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Hurricane Ophelia strengthened into a Category 2 storm Friday as it made its way toward Europe. National Hurricane Center

Hurricane Ophelia strengthened to a Category 2 storm Friday, churning in the Atlantic Ocean. The storm was headed toward the Azores Islands where it could potentially brush this weekend. By early next week, Ireland and possibly the United Kingdom could see storm conditions.

Ophelia was moving east-northeast Friday, packing winds of up to 100 mph. The hurricane was expected to strengthen beyond a Category 2 storm in the coming days, according to the National Hurricane Center.

Storm-force winds were expected in the Azores Islands by as early as Saturday night. Only 15 hurricanes have passed within 200 miles of the Azores since 1851, according to the National Oceanic and Atmospheric Administration.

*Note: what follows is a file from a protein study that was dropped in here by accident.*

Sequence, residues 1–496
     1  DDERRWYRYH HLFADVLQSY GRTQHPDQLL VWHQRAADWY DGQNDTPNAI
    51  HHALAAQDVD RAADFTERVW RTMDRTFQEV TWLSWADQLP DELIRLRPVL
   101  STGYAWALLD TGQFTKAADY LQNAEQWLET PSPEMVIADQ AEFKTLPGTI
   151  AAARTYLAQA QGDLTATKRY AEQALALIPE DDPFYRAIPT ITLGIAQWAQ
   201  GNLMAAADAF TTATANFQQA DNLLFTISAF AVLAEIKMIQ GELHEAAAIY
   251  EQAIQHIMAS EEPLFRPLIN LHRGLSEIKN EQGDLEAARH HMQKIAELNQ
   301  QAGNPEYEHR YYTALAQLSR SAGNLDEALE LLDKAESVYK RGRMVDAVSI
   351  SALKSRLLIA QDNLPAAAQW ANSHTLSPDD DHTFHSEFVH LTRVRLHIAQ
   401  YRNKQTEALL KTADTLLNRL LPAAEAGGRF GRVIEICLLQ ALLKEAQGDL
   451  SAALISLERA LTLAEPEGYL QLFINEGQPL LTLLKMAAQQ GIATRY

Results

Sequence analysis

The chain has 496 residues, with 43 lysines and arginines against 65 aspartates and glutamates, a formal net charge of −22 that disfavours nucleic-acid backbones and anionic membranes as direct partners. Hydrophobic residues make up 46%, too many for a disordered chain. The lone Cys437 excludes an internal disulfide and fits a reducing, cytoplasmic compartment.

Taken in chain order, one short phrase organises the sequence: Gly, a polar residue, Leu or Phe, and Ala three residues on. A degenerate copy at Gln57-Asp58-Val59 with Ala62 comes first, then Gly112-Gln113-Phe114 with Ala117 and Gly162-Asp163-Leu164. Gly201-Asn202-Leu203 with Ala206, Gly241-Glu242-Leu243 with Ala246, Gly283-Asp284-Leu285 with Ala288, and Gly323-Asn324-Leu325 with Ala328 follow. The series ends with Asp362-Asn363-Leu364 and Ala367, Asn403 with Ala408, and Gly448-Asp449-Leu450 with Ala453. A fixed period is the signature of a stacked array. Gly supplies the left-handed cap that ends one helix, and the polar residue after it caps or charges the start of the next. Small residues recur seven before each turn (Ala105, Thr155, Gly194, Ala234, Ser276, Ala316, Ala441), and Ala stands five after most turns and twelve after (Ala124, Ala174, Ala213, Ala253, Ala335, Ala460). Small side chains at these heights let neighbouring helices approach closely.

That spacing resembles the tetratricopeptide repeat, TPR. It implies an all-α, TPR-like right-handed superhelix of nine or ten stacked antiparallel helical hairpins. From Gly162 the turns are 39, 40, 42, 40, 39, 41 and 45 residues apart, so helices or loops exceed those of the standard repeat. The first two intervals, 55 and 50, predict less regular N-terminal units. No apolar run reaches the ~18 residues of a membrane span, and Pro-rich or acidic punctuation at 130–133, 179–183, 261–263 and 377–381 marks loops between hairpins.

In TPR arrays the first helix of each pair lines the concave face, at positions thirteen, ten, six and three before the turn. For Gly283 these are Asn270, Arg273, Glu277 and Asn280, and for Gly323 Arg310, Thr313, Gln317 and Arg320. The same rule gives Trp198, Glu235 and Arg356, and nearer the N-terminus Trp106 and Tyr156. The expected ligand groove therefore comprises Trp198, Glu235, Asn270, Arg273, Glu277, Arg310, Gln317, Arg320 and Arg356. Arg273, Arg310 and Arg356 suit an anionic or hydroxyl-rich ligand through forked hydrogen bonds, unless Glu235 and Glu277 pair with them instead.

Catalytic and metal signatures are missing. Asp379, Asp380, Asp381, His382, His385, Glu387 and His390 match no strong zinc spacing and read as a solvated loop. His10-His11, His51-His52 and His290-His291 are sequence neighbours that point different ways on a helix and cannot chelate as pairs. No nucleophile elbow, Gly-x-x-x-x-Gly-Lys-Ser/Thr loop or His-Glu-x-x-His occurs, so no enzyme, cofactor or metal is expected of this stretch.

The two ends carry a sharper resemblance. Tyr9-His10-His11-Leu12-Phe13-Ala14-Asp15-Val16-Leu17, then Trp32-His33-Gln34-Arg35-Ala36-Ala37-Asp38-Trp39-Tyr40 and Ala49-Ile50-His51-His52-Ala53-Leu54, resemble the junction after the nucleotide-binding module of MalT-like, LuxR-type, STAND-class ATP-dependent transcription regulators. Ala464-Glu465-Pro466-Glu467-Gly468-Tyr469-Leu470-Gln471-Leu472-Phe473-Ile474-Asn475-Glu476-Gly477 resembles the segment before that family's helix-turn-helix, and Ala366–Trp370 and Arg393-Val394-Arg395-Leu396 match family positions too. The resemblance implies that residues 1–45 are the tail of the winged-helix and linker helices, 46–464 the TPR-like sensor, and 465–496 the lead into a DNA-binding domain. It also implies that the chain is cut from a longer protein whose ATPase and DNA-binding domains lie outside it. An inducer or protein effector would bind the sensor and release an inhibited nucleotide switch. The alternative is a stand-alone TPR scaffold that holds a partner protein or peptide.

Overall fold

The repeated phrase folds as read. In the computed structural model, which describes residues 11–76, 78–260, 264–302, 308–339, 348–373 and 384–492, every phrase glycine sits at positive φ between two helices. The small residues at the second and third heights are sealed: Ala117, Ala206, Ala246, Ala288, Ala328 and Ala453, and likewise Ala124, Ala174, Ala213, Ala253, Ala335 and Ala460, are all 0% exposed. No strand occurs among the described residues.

Ophelia was likely to become a post-tropical cyclone Sunday night or Monday, according to the Weather Channel. It should weaken as it approaches Ireland and the U.K., though both regions could potentially see strong winds.

Just because Ophelia may downgrade, that doesn’t mean it won’t bring severe weather conditions.

“The storm will have all the force and effect of a hurricane without the title or the name,” said Flipboard weather writer Dennis Mersereau. “Power outages, downed trees and flooding are possible across Ireland and parts of the United Kingdom.”

Ireland’s weather service issued a “yellow weather” for the region, warning that the area could see winds of up to 80 mph as well as high seas and rain, according to the Independent.

With the addition of Ophelia, there have been 10 hurricanes, five major hurricanes and 15 tropical storms in the 2017 Atlantic season, breaking some weather records.

“Since the satellite era began during the early 1960s, 2017 is the only year where there have been 10 consecutive hurricanes in the Atlantic basin,” said AccuWeather hurricane expert Dan Kottlowski.